Racial bias shadows the Front Range culture funding fight

Lawmakers who usually champion the arts have voted against a Front Range culture funding bill they say favors white male cultural leaders over people of color, and Denver over the rest of the Front Range.

Racial bias shadows the Front Range culture funding fight

Win the battle, lose the war? That may be the fate of arts and culture groups fighting for a bigger share of tax dollars from the Scientific and Cultural Facilities District, which doles out millions of sales tax dollars every year to hundreds of Front Range organizations.

Senate Democrats have been attacking each other over the fairness of the proposed SCFD funding formula, whether it favors white male cultural leaders over people of color, Denver institutions over those of six other counties, and older projects over new and innovative ones. 

The SCFD was first authorized in 1988, and voters have reauthorized it twice since then. This next reauthorization would extend the sales tax and cement the funding formula from 2018 to 2030.

SCFD arts groups fall into three tiers. The top tier, which includes the Denver Art Museum, the Museum of Nature and Science, the Denver Zoo, and two other major regional cultural organizations, pulls in the lion’s share of funding from the sales tax, which is one cent for every ten dollars spent. Those organizations are led largely by white men. 

There are 28 Tier II groups, and as of this year, 313 Tier III groups, many of whom say they have been shortchanged in the SCFD funding formula. Those critics include Friends of Arts and Cultural Equity (FACE), a nonprofit that points out that all of the arts groups led by people of color and targeting communities of color are in Tier III.

FACE representatives argue greater funding for Tier III would help address racial and economic inequality within Front Range arts and culture funding.

Under pressure, the SCFD board last year agreed to modify its funding formula, reducing the amount that would go to the Tier 1 groups by $37.3 million. Those dollars would then go to Tier II groups ($22 million) and Tier III groups ($15.3 million).

Should Senate Bill 16-016 pass the General Assembly, voters would then have an opportunity to approve the new funding formula.

But if the bill fails, the SCFD board can ask voters to approve an extension that would keep in place the current funding formula. And Tier II and Tier III arts groups would lose their hard-won changes.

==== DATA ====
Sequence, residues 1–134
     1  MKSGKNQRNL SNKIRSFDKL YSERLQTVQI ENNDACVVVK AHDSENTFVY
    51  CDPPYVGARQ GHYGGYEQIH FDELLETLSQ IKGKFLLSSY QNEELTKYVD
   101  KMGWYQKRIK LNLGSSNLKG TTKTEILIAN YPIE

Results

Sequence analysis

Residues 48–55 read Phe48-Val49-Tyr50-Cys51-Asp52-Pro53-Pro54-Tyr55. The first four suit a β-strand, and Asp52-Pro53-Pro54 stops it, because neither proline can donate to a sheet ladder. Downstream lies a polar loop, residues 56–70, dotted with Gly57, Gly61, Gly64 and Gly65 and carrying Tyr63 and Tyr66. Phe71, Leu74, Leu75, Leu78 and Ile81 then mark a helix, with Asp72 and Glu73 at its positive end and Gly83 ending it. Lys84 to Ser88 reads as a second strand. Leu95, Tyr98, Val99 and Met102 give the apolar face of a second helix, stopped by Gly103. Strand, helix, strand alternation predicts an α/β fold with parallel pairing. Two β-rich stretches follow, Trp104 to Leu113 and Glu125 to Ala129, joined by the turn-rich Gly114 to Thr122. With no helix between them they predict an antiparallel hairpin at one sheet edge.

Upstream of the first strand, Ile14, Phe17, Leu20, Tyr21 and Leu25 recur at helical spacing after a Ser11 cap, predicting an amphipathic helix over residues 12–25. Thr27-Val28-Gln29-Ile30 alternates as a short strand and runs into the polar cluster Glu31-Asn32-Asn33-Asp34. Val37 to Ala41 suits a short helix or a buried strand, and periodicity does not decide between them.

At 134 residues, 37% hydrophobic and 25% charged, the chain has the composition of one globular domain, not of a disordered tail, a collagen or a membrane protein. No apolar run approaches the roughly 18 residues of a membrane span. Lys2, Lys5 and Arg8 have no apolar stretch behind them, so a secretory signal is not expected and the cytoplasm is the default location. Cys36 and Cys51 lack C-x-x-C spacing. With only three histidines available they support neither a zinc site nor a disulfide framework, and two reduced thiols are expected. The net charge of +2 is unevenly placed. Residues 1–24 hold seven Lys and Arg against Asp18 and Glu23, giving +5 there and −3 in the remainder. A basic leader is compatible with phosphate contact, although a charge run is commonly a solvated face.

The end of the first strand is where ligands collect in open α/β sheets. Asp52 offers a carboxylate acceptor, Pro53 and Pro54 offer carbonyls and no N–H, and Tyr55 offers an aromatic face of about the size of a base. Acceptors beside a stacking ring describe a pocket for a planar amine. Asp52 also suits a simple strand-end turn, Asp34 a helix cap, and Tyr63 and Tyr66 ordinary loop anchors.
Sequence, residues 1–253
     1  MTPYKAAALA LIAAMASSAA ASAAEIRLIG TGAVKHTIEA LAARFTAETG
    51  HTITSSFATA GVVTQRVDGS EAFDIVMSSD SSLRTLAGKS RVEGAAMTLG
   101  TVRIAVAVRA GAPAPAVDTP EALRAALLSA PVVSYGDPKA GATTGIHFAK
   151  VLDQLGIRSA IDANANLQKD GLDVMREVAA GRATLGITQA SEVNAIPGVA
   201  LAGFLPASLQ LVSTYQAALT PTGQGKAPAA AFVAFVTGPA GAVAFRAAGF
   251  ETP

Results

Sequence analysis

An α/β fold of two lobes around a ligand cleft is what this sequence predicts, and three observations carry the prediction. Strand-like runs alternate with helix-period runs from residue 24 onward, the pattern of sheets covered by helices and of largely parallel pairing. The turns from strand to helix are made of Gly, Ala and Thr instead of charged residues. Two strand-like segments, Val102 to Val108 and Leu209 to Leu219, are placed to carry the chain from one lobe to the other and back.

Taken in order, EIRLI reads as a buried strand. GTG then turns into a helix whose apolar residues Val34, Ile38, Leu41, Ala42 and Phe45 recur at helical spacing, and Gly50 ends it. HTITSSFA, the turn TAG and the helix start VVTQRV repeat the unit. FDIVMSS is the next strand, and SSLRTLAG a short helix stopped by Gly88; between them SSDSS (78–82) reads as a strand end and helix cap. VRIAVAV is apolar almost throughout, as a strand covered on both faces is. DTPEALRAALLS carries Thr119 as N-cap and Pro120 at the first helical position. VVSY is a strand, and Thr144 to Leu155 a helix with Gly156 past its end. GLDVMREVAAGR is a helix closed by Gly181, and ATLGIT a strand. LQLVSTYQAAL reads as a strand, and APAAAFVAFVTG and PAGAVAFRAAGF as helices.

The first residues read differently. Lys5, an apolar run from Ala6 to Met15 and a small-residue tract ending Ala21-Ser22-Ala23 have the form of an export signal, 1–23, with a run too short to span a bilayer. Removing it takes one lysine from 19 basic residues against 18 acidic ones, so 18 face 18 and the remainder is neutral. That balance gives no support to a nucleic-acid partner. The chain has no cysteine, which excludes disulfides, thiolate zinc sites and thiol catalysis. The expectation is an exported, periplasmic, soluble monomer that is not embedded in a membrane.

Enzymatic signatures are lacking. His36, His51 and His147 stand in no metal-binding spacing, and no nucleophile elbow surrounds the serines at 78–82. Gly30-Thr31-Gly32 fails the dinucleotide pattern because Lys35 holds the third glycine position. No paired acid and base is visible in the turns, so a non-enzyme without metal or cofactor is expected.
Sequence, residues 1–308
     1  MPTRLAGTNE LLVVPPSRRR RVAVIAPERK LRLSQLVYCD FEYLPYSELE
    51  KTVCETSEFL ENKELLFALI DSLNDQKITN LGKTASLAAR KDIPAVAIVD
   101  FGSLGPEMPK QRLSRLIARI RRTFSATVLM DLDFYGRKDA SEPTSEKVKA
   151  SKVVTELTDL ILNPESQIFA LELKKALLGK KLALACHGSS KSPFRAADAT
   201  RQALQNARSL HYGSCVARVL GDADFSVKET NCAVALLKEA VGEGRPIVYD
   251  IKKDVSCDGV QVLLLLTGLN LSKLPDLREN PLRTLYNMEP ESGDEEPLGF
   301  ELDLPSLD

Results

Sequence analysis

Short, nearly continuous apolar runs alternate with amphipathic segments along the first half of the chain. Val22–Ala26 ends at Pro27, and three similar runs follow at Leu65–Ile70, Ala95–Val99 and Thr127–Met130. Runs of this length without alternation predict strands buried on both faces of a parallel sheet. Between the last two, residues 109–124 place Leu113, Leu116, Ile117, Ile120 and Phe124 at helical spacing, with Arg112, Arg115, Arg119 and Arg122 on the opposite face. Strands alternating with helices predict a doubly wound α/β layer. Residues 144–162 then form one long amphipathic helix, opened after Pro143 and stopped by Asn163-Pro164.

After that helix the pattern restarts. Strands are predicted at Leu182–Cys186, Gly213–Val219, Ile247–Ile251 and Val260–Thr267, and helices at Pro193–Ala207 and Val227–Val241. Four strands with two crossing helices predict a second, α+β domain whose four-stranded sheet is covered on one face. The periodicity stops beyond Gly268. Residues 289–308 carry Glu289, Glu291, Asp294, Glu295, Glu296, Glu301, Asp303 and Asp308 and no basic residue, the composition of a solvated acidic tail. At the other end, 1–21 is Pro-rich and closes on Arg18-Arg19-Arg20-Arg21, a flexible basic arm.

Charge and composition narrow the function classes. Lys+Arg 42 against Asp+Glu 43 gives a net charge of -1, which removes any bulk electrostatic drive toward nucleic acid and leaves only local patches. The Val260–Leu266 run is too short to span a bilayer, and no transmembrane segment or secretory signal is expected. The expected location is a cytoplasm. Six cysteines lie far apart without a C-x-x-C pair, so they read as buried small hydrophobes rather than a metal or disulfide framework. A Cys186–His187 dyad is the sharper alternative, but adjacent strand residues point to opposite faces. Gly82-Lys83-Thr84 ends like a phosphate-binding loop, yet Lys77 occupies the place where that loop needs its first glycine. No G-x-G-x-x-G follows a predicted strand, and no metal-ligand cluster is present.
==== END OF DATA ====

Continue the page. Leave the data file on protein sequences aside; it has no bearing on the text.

Those who think the modified formula still doesn’t do enough for Tier 3 groups battled the bill’s sponsor, Sen. Pat Steadman, a Denver Democrat, in a Feb. 24 debate.

Sen. Michael Johnson, also a Denver Democrat, proposed an amendment that would allow Tier 3 groups to seek SCFD funding in their third year of operations, maintaining current law. The proposed bill stretches that waiting period to five years.

Steadman opposed the Johnston amendment, saying that “fly by night” groups that want SCFD money should prove themselves first.

Sen. Mike Merrifield of Manitou Springs, a Democrat, said SCFD funding should incubate budding organizations. While Merrifield initially was a cosponsor of SB-16, he said the bill is not quite where it needs to be and voted against in on the Senate floor. Merrifield is one of the strongest supporters of the arts in the General Assembly.

Sen. Matt Jones, a Louisville Democrat, advocated for the bill’s defeat during the debate, telling the Senate that Tier III groups reported they had been bullied into silence by SCFD’s process for discussing the reauthorization.

Percentages weren’t based on needs, Jones said, but just what Tier I groups were willing to give up.

Some arts and culture leaders in Jones’ district worried fighting over the funding formula could cause the bill and the vote next November to fail.  

“That’s a disingenuous argument,” Jones said, noting that the last authorization received 66 percent of the vote.

Jones would like to see the funding formula changed further to send more dollars go to Tier III groups, although he didn’t offer an amendment to do that, and the bill won preliminary approval yesterday and passed through the Senate today on a 28-6 vote.

Merrifield voted against it and then had his name taken off the bill as a co-sponsor. 

Democrat Sen. Linda Newell of Littleton said when the bill hits the House it will be amended to ensure greater funding to organizations outside of Denver and led by people of color. She also voted against it, noting that it’s the first time in eight years that she’s ever voted against a bill supporting the arts.

 

Photo credit: Conan, Creative Commons, Flickr

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About the Author

Marianne Goodland

has been a political journalist since 1998. She covered the state capitol for the Silver & Gold Record from 1998 to 2009 and for The Colorado Statesman in 2010-11 and 2013-14. Since 2010 she also has covered the General Assembly for newspapers in northeastern Colorado. She was recognized with awards from the Colorado Press Association for feature writing and informational graphics for her work with the Statesman in 2012.

1 Comment

  1. Gabriel A. King on said:

    “Arts & crafts” used to be fun for everybody. Nothing was a “big deal”… just folks from all walks of life sharing their love of arts & crafts.

    IN STEPS MODERN “PC” SOCIAL JUSTICE WARRIORS !……

    Would you like some “culture” (RACE BAITING POLITICS) with your arts ?

    I’ll tell you what iv’e got a better idea. And I think most tax payers would agree with me.
    Since we can’t do ANYTHING anymore without injecting “race” into it….

    How about the government just keeps their hands off our hard earned money (taxes) all together ?

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